Gastritis: an overview and more


Gastritis is an often bothersome and unpleasant condition with inflammation of the stomach lining. Symptoms can include pain in the upper abdomen and sometimes nausea, vomiting, and / or feeling full shortly after eating. Although there are many potential causes of gastritis, infection with the Helicobacter pylori bacteria is one of the most common. Other common causes of gastritis are the overuse of non-steroidal anti-inflammatory drugs (NSAIDs) or alcohol .

Get Medication Information / Gary Foerster

Types of gastritis

The symptoms of gastritis can appear suddenly and last for a short time. This is called acute gastritis . Others have chronic gastritis , which means that symptoms persist for months or even years.

Gastritis can also be classified as erosive or non-erosive depending on the severity of the damage to the stomach lining.

  • Erosive gastritis is more serious than non-erosive gastritis because it wears down the stomach lining and causes ulcers called erosions. If left untreated, these ulcers can penetrate deeper into the stomach lining and form painful ulcers.
  • In non-erosive gastritis , the gastric mucosa changes as a result of the underlying inflammation; however, the coating does not wear away, so no erosion or ulceration develops.

The symptoms of gastritis.

The most common sign of gastritis is discomfort or pain in the upper abdomen, which is often described as an unpleasant burning or gnawing sensation.

Besides pain, other potential gastritis symptoms include :

  • Belching
  • Swelling
  • Loss of appetite
  • Nausea or vomiting
  • Feeling full after a small meal.

Blood in vomit, dark or tarry stools can be a sign of stomach bleeding, as gastritis can contribute to ulcers (ulcers within the lining of the stomach) .

Additional signs and symptoms of gastric bleeding (all of which are associated with iron deficiency anemia ) include :

  • Fatigue
  • Difficulty breathing
  • Dizziness
  • Soft spot
  • Pale skin
  • Fast heartbeat

If you experience any signs or symptoms of stomach bleeding, it is important to seek immediate medical attention. Severe or worsening abdominal pain is another sign that you should seek immediate medical attention.

Chronic gastritis is much more likely to cause complications such as ulceration and iron deficiency anemia due to bleeding. In rare cases, some people with chronic gastritis develop stomach cancer .


There are several possible causes of gastritis. One of the most common causes is infection with the bacteria Helicobacter pylori (H. pylori) , which can result from improper hand washing and other causes .

Other possible causes include:

  • Drinking too much alcohol
  • Of smoking
  • Long-term use of non-steroidal anti-inflammatory drugs ( NSAIDs )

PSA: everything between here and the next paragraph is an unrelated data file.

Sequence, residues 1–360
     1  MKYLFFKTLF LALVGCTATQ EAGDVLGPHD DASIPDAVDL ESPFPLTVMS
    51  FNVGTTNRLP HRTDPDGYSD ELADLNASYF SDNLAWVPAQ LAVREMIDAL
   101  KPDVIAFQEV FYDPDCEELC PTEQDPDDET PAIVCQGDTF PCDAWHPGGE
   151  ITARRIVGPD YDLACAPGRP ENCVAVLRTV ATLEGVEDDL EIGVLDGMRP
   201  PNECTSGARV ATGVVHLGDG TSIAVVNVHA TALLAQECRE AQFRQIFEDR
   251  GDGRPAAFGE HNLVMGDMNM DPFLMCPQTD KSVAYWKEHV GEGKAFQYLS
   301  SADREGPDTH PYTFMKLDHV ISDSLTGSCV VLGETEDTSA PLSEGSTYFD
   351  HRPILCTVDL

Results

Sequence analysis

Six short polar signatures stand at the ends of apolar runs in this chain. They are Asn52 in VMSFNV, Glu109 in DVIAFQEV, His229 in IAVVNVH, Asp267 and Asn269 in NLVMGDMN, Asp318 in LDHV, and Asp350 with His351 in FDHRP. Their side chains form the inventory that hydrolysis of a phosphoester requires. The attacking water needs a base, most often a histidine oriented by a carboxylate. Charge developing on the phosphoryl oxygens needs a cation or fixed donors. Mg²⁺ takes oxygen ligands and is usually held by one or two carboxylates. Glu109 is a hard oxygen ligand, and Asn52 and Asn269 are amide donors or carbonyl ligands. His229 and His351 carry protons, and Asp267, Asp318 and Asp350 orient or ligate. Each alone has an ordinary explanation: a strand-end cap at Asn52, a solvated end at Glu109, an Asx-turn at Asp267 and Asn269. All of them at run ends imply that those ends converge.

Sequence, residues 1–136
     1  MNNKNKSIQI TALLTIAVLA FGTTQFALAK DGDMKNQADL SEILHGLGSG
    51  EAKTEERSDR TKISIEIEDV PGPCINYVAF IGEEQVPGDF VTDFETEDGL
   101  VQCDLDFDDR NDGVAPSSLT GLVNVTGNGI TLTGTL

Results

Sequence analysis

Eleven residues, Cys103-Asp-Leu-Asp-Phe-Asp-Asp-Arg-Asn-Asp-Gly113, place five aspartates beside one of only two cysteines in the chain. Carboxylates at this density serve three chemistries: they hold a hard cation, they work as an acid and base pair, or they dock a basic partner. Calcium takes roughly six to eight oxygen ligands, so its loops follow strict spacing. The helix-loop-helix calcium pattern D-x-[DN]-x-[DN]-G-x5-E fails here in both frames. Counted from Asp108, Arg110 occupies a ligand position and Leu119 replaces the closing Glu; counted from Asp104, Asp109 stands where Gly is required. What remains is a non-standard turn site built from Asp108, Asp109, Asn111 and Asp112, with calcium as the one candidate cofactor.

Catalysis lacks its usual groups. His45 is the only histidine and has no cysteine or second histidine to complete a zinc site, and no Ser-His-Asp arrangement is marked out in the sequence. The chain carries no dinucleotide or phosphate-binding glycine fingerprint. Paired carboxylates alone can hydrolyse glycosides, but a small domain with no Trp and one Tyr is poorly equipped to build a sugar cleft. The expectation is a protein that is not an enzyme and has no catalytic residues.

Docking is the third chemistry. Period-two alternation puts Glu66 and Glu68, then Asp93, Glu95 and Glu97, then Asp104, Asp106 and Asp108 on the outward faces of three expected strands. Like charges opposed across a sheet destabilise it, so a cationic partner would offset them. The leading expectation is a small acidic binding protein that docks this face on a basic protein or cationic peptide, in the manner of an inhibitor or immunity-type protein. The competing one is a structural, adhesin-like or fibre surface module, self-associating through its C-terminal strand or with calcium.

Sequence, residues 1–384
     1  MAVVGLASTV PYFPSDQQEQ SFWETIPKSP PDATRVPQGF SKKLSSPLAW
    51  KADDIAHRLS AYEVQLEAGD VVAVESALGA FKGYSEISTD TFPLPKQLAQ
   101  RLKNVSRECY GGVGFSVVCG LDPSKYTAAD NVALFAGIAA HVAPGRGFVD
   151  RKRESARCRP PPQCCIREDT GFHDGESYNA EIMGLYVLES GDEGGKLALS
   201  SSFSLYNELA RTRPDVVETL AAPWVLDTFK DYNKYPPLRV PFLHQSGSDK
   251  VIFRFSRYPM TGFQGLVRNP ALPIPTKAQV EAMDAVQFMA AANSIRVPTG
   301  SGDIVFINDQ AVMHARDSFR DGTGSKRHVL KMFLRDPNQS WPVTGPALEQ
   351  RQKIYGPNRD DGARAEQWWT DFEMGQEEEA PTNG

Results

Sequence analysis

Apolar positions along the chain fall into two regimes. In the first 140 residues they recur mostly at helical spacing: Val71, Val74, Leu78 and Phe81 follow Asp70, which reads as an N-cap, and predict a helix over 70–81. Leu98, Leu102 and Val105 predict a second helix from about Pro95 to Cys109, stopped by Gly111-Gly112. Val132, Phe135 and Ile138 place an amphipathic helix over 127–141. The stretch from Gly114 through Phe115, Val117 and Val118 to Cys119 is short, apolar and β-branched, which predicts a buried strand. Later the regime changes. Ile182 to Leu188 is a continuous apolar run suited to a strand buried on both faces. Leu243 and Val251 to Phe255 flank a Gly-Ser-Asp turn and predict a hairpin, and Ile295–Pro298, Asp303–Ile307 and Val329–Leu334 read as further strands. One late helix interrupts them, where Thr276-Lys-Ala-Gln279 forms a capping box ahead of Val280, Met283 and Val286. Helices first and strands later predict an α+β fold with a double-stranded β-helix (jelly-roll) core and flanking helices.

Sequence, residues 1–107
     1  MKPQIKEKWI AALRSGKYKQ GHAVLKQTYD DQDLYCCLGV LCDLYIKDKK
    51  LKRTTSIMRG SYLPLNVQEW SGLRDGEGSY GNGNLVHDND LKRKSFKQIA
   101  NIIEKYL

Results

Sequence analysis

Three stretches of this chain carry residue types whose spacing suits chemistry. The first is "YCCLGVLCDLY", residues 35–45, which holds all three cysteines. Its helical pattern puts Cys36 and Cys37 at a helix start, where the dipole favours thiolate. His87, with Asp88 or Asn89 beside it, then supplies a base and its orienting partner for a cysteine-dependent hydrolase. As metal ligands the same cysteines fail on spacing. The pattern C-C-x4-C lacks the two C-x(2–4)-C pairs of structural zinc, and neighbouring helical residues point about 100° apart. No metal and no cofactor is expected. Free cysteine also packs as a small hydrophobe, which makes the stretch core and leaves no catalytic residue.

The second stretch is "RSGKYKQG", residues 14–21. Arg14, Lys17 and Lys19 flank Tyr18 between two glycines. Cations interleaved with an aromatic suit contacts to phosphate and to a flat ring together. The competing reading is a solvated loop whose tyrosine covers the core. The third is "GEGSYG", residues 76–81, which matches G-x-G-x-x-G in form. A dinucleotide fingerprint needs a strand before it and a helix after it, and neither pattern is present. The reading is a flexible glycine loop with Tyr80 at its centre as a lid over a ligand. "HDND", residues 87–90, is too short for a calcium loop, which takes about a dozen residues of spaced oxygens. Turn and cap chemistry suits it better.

• Infection with other bacteria, viruses, or fungi.

Also, gastritis can develop after major surgery, injury, burns, radiation, or serious illness. Certain medical conditions, such as pernicious anemia ( an autoimmune disease ) and chronic bile reflux, can also cause gastritis.

Sometimes the exact cause of gastritis in humans is unknown .


Although your healthcare provider can perform some tests and diagnose gastritis, they may also refer you to a gastroenterologist , a medical professional who specializes in diseases of the esophagus, stomach, and intestines, for further testing. This is especially likely if your diagnosis is unclear or if you have severe or persistent gastritis.

If gastritis is suspected, after a complete history and physical examination, blood tests and possibly a series of x-rays called upper gastrointestinal (GI) series will likely follow. After this, an additional exam, such as an upper gastrointestinal endoscopy, may be required.

For persistent gastritis symptoms, upper gastrointestinal endoscopy has replaced the upper gastrointestinal tract series as the primary diagnostic test.

Blood test

To determine if you have iron deficiency anemia due to possible stomach bleeding, your healthcare provider will order the following blood tests:

Your healthcare provider can also monitor your vitamin B12 levels to diagnose pernicious anemia. In this condition, the immune system mistakenly attacks the vitamin B-12 binding protein (intrinsic factor) produced by stomach cells. Sometimes a person's immune system attacks the stomach's own cells.

As a result of this attack, the absorption of vitamin B-12 is impaired, which leads to a decrease in its level in the blood. Another blood test used to diagnose pernicious anemia is intrinsic factor (IF) autoantibodies.

Finally, an antibody blood test can be used to detect H. pylori infection, although other tests (see below) are more sensitive and specific.

Superior GI Series

To do this, you must first drink barium, a chalky white substance mixed with water. The barium covers the esophagus, stomach, and the first part of the small intestine, so the doctor can visualize the digestive tract while they take the next series of X-rays.

In various diseases of the upper gastrointestinal tract, various abnormalities associated with gastritis can be observed, including ulcers and inflammation.